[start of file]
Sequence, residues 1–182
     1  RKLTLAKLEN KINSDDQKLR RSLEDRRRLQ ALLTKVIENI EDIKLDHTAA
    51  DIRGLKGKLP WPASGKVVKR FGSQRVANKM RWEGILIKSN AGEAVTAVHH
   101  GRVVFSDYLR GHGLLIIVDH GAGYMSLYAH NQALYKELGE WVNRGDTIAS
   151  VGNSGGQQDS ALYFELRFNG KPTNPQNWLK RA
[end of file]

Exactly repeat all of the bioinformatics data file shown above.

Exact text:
Sequence, residues 1–182
     1  RKLTLAKLEN KINSDDQKLR RSLEDRRRLQ ALLTKVIENI EDIKLDHTAA
    51  DIRGLKGKLP WPASGKVVKR FGSQRVANKM RWEGILIKSN AGEAVTAVHH
   101  GRVVFSDYLR GHGLLIIVDH GAGYMSLYAH NQALYKELGE WVNRGDTIAS
   151  VGNSGGQQDS ALYFELRFNG KPTNPQNWLK RA